Co-operation and conflict in human groups

The most pressing challenges facing humankind have to do with achieving cooperation within and between groups, and with avoiding escalations of aggressive conflicts between groups. Deriving positive solutions to these challenges requires understanding of the fundamentals of human behavior, motivation, and decision making. We integrate modern evolutionary theory with empirical studies of decision making to study human social behavior. The overarching theme of the research is to study the origin, role, and implications of group structure in human social behavior and cultural change. Specific goals include:

  • Unraveling the dynamics and interactions of within-group cooperation, intergroup conflict, and group size evolution. Here we study the dynamics of coalition-building and within and between-group interactions, explicitly considering the feedbacks of group size and group interactions on individual incentives to join coalitions and to cooperate.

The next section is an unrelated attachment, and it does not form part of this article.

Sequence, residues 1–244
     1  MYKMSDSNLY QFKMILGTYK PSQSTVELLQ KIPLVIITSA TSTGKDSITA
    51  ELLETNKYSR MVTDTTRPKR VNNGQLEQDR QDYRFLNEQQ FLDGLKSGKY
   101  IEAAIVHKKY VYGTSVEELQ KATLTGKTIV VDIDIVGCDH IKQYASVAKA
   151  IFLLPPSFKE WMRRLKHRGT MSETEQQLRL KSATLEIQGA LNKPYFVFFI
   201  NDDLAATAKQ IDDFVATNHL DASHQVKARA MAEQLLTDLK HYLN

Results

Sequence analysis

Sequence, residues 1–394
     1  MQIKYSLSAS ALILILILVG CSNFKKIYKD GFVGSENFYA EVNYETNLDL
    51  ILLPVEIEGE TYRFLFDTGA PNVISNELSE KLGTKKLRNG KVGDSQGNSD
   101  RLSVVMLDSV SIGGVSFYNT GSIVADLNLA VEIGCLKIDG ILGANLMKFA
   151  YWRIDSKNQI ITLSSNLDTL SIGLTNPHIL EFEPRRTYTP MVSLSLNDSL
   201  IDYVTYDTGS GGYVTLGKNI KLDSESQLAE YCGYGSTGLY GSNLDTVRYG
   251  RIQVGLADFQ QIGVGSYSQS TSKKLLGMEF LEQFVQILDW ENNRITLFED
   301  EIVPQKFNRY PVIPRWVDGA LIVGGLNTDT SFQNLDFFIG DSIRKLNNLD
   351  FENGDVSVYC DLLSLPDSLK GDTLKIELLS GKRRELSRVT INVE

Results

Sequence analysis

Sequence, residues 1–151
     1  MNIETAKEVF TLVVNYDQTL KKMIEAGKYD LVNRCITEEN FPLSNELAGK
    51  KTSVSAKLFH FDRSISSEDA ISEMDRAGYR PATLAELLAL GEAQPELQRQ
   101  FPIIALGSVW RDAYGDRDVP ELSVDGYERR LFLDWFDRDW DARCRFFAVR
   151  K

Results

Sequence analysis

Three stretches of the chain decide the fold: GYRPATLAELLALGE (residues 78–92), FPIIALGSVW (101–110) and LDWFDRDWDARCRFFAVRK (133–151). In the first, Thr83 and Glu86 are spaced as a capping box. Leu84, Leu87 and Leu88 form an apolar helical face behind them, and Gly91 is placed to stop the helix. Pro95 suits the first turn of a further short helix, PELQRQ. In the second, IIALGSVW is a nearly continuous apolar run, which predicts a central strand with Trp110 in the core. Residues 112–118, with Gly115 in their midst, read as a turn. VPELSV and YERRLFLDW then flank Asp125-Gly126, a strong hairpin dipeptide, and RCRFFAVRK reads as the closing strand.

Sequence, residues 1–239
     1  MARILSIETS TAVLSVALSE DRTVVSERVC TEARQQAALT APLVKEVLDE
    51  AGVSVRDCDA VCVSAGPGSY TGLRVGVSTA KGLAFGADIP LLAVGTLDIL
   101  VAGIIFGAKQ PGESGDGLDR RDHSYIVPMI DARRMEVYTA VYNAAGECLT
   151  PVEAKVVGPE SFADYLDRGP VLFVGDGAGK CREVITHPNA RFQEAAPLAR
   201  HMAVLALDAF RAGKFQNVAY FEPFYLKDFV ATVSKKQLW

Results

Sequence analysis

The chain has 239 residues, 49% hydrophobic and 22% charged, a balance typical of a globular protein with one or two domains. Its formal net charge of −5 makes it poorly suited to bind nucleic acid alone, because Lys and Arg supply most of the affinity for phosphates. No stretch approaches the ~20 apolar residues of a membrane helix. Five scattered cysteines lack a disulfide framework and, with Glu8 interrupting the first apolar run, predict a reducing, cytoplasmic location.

• Studying the role of communication and social institutions in affecting the nature of between-group and within-group interactions. Here we study how institutions, which have been shown to increase cooperation in single-group experiments, affect the nature of between-group interactions.

Research team